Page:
After these things God tested Abraham. He said to him, “Abraham!” And he said, “Here I am.”
He said, “Take your son, your only son Isaac, whom you love, and go to the land of Moriah, and offer him there as a burnt offering on one of the mountains that I shall show you.” So Abraham rose early in the morning, saddled his donkey, and took two of his young men with him, and his son Isaac; he cut the wood for the burnt offering, and set out and went to the place in the distance that God had shown him.
On the third day Abraham looked up and saw the place far away. Then Abraham said to his young men, “Stay here with the donkey; the boy and I will go over there; we will worship, and then we will come back to you.” Abraham took the wood of the burnt offering and laid it on his son Isaac, and he himself carried the fire and the knife. So the two of them walked on together. Isaac said to his father Abraham, “Father!” And he said, “Here I am, my son.” He said, “The fire and the wood are here, but where is the lamb for a burnt offering?”
Abraham said, “God himself will provide the lamb for a burnt offering, my son.” So the two of them walked on together. When they came to the place that God had shown him, Abraham built an altar there and laid the wood in order. He bound his son Isaac, and laid him on the altar, on top of the wood. Then Abraham reached out his hand and took the knife to kill his son. But the angel of the Lord called to him from heaven, and said, “Abraham, Abraham!” And he said, “Here I am.” He said, “Do not lay your hand on the boy or do anything to him; for now I know that you fear God, since you have not withheld your son, your only son, from me.” And Abraham looked up and saw a ram, caught in a thicket by its horns. Abraham went and took the ram and offered it up as a burnt offering instead of his son.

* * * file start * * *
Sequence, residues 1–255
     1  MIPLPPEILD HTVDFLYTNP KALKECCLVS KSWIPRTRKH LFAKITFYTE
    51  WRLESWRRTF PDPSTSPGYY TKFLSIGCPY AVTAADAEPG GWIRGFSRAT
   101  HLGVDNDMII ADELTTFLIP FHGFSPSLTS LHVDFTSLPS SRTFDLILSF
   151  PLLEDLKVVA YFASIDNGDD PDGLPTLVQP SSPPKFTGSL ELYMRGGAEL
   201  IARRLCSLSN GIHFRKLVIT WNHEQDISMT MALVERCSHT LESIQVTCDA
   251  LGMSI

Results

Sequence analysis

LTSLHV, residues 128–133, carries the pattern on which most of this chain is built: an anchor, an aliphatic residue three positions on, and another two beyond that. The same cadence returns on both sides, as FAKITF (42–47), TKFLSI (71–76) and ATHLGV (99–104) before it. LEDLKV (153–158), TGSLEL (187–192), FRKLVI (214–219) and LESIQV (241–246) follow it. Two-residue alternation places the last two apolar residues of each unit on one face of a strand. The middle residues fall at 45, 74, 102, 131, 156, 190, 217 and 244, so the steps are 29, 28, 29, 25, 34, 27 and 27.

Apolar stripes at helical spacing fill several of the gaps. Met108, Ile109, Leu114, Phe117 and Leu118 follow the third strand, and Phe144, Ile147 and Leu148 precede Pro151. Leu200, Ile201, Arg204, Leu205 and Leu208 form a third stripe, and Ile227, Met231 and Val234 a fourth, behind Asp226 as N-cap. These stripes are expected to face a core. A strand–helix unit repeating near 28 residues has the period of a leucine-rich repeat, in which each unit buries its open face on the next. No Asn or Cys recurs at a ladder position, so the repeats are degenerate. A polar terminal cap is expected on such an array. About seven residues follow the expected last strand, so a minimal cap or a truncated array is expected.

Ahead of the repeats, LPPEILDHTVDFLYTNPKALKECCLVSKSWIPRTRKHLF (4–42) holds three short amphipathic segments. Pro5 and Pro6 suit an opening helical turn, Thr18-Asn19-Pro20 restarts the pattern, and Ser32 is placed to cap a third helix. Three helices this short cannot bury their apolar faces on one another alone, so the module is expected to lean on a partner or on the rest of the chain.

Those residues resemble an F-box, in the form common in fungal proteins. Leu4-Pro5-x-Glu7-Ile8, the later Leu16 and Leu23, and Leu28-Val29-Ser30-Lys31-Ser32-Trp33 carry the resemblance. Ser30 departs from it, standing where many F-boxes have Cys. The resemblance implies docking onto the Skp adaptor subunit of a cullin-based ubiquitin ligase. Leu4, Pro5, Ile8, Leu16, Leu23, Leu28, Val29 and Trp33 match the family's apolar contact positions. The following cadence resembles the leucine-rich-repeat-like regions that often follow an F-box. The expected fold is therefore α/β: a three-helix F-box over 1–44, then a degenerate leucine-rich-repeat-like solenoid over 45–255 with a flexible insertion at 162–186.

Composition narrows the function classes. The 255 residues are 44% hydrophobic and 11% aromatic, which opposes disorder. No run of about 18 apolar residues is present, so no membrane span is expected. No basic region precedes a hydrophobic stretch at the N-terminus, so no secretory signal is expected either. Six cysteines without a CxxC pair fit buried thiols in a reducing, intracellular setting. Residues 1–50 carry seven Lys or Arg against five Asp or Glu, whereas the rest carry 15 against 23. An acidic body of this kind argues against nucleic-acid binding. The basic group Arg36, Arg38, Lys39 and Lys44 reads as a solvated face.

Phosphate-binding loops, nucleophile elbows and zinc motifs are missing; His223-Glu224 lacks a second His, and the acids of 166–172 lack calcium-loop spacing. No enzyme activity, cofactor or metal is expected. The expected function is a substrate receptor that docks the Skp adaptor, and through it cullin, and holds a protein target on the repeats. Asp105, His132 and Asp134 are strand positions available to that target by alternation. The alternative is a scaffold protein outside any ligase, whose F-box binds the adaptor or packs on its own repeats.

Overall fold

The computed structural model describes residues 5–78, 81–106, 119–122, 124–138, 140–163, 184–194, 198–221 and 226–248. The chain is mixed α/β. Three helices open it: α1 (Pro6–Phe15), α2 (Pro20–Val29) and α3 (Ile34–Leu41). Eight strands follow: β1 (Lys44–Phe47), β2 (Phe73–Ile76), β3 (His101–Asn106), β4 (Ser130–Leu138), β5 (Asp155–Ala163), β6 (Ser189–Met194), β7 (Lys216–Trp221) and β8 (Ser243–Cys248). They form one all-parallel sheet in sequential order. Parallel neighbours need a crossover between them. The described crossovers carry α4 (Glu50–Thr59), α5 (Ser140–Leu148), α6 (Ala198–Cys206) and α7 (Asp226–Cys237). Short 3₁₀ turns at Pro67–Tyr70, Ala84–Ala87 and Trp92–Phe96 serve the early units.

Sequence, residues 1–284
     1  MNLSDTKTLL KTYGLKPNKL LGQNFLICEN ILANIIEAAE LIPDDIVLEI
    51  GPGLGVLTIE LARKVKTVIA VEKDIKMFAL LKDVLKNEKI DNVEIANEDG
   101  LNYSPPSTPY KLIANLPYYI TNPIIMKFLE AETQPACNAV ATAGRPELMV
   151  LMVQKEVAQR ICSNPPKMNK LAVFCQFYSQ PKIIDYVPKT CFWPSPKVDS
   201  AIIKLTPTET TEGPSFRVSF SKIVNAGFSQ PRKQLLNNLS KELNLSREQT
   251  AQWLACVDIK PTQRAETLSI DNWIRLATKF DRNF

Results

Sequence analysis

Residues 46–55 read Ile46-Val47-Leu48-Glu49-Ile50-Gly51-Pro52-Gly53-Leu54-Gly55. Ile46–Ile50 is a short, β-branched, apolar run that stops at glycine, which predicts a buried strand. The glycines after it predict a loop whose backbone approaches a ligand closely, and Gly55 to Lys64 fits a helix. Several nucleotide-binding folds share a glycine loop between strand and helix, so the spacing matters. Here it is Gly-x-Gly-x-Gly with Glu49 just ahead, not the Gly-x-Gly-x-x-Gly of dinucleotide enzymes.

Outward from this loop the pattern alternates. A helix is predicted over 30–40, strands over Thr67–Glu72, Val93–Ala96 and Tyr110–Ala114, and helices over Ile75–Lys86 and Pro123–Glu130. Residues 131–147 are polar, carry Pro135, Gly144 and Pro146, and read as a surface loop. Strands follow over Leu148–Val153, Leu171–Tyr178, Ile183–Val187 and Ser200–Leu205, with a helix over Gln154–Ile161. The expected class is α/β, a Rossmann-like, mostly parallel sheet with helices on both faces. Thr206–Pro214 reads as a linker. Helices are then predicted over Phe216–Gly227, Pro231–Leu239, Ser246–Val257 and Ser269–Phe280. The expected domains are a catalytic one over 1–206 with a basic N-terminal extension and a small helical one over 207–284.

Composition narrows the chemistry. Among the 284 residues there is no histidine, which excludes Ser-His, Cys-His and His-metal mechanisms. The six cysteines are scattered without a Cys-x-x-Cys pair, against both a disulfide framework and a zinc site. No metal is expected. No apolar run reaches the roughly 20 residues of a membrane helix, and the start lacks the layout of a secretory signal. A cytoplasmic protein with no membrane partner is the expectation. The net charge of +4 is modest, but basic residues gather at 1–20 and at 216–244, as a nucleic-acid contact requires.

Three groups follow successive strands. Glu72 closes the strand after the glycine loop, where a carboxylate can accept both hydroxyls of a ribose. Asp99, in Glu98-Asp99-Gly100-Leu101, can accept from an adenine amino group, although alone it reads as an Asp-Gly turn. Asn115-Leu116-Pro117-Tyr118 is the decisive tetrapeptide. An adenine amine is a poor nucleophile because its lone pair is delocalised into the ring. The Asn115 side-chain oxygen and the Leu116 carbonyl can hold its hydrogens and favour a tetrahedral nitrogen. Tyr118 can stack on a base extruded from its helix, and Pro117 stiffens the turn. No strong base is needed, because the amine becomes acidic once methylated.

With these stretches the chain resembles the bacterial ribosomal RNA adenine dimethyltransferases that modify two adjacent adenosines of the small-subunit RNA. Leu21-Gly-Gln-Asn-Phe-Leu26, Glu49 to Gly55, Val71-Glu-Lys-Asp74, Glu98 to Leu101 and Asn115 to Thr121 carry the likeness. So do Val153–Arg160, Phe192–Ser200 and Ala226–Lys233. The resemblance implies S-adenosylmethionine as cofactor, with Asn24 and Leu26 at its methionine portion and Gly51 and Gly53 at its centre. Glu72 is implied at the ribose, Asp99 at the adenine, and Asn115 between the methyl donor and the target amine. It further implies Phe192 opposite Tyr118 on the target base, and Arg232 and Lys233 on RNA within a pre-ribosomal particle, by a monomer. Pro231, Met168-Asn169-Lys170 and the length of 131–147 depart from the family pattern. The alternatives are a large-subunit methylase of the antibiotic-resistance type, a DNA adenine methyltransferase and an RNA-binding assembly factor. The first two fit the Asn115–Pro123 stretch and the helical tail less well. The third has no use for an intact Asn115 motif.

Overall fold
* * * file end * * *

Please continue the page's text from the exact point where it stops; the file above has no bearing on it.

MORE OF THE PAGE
So Abraham called that place “The Lord will provide”; as it is said to this day, “On the mount of the Lord it shall be provided.” The angel of the Lord called to Abraham a second time from heaven, and said, “By myself I have sworn, says the Lord: Because you have done this, and have not withheld your son, your only son, I will indeed bless you, and I will make your offspring as numerous as the stars of heaven and as the sand that is on the seashore. And your offspring shall possess the gate of their enemies, and by your offspring shall all the nations of the earth gain blessing for themselves, because you have obeyed my voice.”
So Abraham returned to his young men, and they arose and went together to Beer-sheba; and Abraham lived at Beer-sheba. Now after these things it was told Abraham, “Milcah also has borne children, to your brother Nahor: Uz the firstborn, Buz his brother, Kemuel the father of Aram, Chesed, Hazo, Pildash, Jidlaph, and Bethuel.” Bethuel became the father of Rebekah. These eight Milcah bore to Nahor, Abraham’s brother. Moreover, his concubine, whose name was Reumah, bore Tebah, Gaham, Tahash, and Maacah.
The story of Abraham’s intent to sacrifice Isaac stands as one of the most difficult texts for me. I was taught growing up that it was a test from God to make sure that Abraham really loved God. As a child, I just accepted this as a part of Scripture and eventually understood it as a foreshadowing of our Heavenly Father’s willingness to send his only son to be sacrificed for our sins. I didn’t take issue with the narrative or what was implied by God’s strange request.